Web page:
A full transcript follows the video.
This video was recorded on May 8, 2017.
Gaby Lapera: Hello, everyone! Welcome to Industry Focus, the podcast that dives into a different sector of the stock market every day. You're listening to the Financials edition, taped today on Monday, May 8, 2017. My name is Gaby Lapera, and joining me in the studio is Michael Douglass, analyst, colleague, somewhat benevolent overlord. [laughs]
Michael Douglass: Well, when you put it that way ...
Lapera: Michael Douglass, how's it going?
Douglass: It's great. I'm a little bit sleep deprived after the Berkshire Hathaway meeting, but that's kind of par for course.
Lapera: Oh, you, hinting at what we're going to talk about! What a subtle transition!
Douglass: Yeah, look at me not burying the lead at all.
Lapera: So yeah, listeners, as you might have guessed, we're going to talk about the biggest thing in financials that happens every year, which is the Berkshire Hathaway conference.
Douglass: Woodstock for capitalists.
Lapera: I'm also really excited to have someone in the studio with me, no offense to John and Jordan and all those cool kids. It's really nice to actually see someone's facial expression as I talk to them.
Lapera: To know that my jokes have landed. I just assume that they have with Maxfield.
Douglass: Or not, as the case may be. We all swing and miss.
Lapera: That's true. Since I can't see them, I just assume they're laughing. [laughs] But, yeah, Berkshire Hathaway. Let's talk. You know what we should do, we should start by talking about, how is Berkshire Hathaway doing? What did Warren Buffett have to say about his company?
Douglass: Sure. Let's start one step further back: What is Berkshire Hathaway?
Lapera: Fair enough.
Douglass: At its core, Berkshire Hathaway is an insurance business. The way insurers make their money, there's two ways. They write a policy, you pay a premium, they pay out if you get into an accident. A lot of insurers lose a bit of money on the policies, but they make it back with investments. Berkshire Hathaway actually makes money on the policies and then makes more on investments. So it takes the float -- that's money that they received in premium income that they haven't paid out yet in damages -- and they invest that. Berkshire invests in two ways -- either in the stock market, and then also in wholly owned businesses. Berkshire owns a lot of brands you don't really associate with insurance, things like Brooks Running, things like Fruit of the Loom, things like BNSF railroad, Business Wire --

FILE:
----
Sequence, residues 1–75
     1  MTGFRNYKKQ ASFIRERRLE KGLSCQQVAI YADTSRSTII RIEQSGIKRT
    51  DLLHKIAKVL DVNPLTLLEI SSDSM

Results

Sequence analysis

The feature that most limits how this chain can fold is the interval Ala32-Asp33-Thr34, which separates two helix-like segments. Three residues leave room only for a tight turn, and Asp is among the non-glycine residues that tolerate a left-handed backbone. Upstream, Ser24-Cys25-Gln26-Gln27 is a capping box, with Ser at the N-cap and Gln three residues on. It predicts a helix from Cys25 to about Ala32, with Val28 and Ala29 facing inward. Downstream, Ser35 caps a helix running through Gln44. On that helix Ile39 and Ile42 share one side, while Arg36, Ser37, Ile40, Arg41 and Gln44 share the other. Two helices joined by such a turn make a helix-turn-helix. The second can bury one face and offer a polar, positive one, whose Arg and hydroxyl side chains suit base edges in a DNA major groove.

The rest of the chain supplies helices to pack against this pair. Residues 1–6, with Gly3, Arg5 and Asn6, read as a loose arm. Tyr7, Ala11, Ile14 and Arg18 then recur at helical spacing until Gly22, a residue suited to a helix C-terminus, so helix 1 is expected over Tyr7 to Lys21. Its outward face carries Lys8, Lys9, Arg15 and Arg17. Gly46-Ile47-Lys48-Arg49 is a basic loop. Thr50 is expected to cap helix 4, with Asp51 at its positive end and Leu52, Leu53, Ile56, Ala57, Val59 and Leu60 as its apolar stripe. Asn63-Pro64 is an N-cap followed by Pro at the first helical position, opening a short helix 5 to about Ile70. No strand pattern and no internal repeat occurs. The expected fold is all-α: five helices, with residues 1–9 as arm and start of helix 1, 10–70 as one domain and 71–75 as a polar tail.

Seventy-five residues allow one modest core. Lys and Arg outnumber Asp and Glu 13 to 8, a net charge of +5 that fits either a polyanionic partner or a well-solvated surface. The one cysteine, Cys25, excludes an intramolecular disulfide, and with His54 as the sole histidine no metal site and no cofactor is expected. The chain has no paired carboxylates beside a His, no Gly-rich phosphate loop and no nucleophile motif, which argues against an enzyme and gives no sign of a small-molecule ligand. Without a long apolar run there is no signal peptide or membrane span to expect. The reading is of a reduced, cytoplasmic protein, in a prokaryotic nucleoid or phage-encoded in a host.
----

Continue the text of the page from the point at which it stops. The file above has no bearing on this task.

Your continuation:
Lapera: All sorts of things. He's got a finger in so many pies, you don't even know about the pies.
Douglass: Legitimately. And I'm a Berkshire Hathaway shareholder. I've been reading the annual letters for a few years; I've gone twice. When I walked around the exhibition hall on Friday, I was like, I didn't realize they owned those guys, too. So it's sort of a constant thing. If you're dealing with Buffett and Berkshire, there's always something more than you're expecting.
Lapera: Definitely. Listeners who are interested in learning more about how insurance companies work, we're actually going to do a show on insurers in late May or early June, so get excited about that. I can already think of so many wonderful questions that people might have to ask. In fact, if you have a question about insurance companies, please email us at firstname.lastname@example.org, and we'll see if we can answer it on that episode. Anyway, now that I'm done pitching myself ... [laughs]
Douglass: So, to circle back to your actual question --